Oral Histories

Interview of Helen Lundeberg

Los Angeles Art Community: Group Portrait, Helen Lundeberg
Los Angeles Art Community - Group Portrait
Biographical Note:
Danieli, Fidel
Lundeberg, Helen
Persons Present:
Lundeberg and Danieli.
Place Conducted:
Lundeberg and Lorser Feitelson's home and studio in Los Angeles, California.
Supporting Documents:
Records relating to the interview are located in the office of the UCLA Library's Center for Oral History Research.
Interviewer Background and Preparation:
The interview was conducted by Fidel Danieli, freelance consultant to "L.A. Art Community: Group Portrait," Oral History Program; B.A., Art Education, UCLA; M.A., Pictorial Arts, UCLA. Professor of art, Los Angeles Valley Center in Van Nuys, painter, and critic.Danieli had studied with Lundeberg's husband, Lorser Feitelson, and considered himself a longtime friend of the couple at the time of the interview. No special research or preparation was required for this particular interview session.
Processing of Interview:
Editing was done by Lawrence Weschler, editor, Oral History Program. He checked the verbatim transcript of the interview against the original tape recordings and edited for punctuation, paragraphing, correct spelling, and verification of proper nouns. Words and phrases inserted by the editor have been bracketed.The interviewee reviewed and approved the edited transcript.Hunter Drohojowska wrote the introduction. Other front matter and the index were prepared by Oral History Program staff.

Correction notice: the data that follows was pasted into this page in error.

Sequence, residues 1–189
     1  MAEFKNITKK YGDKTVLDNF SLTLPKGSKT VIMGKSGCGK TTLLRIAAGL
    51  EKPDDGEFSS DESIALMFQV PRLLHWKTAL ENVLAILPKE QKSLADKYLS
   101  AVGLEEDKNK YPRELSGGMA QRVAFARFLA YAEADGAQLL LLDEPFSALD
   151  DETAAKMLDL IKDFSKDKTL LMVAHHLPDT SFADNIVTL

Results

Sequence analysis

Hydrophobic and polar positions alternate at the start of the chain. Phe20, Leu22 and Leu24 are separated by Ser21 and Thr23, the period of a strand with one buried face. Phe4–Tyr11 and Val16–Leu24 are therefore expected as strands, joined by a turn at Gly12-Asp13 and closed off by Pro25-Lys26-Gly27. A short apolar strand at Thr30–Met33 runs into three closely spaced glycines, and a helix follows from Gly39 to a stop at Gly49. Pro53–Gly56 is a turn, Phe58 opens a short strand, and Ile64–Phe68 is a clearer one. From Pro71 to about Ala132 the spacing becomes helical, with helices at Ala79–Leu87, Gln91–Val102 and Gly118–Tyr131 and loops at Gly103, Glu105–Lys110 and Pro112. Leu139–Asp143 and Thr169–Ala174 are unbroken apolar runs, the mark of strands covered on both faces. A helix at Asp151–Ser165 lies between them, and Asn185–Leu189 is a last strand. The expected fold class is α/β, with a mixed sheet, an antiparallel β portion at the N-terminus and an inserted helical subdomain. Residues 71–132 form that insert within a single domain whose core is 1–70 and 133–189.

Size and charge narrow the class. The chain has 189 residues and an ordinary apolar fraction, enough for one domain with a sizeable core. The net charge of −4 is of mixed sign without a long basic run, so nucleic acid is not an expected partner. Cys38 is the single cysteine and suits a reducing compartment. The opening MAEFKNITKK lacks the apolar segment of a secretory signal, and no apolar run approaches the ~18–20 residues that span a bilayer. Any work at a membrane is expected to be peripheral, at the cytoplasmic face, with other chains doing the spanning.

2.5 hrs.
Regents of the University of California, UCLA Library.
Series Statement:
This series includes interviews with prominent Los Angeles-based visual artists and other members of the art establishment whose careers span the period from the 1920s through the 1970s. It documents the art community of the pre-World War II period and the rise of Los Angeles as a nationally recognized art center in the postwar period. Funding for this series was provided by a grant from the National Endowment for the Humanities.
Anonymous self-presentation--Birth and infancy in Chicago (1908)--Move to Pasadena (1912)--A California childhood--Early artistic exposure and aptitude--Enrolling in Stickney Memorial Art School--Studying with Lorser Feitelson--The art scene in Los Angeles in the thirties--Early friends in the art community--Exposure of L . A. to modernist developments: the Arensberg collection, foreign visitors, the Copley Gallery--The art market in the thirties--A consistent level of production.
The Works Progress Administration murals: their execution and subsequent preservation (or lack thereof)--Other WPA activities and issues--The Post-Surrealist show in Brooklyn and San Francisco ( 1936)--"Fantastic Art, Dada, and Surrealism" at the New York Museum of Modern Art (1936-37)--"Americans 1942" at NY-MOMA--Other shows--Small paintings versus big paintings--A succession of styles and series: from Post-Surrealism to hard-edge--Invention rather than abstraction--An ongoing interest in illusion.
The influence of an artist's environs: Southern California--The Planets series--Silkscreen--The joy of painting--Sketches as preludes--Working with tape--Color: a limited palette--A dark period--Media and color: from oil to acrylics--"Pictorial structure"--Painting schedule: a daytime artist--Hard-edge takes time--Women's issues--Masculine/feminine- -Reading--Terseness in writing about work--Criticism--Jules Langsner--An armchair traveler--Reality versus fantasy--Is California a lotus land?--Post-Surrealism, surrealism, and magic realism — Nostalgia--A curious experience in selling a painting.
A curious experience (continued) --More on nostalgia--Some popular resistance to the move from nostalgia to hard-edge--Being considered a renegade--A consistent tone through the entire oeuvre--The influence of Cezanne in Southern California--A return to figuration?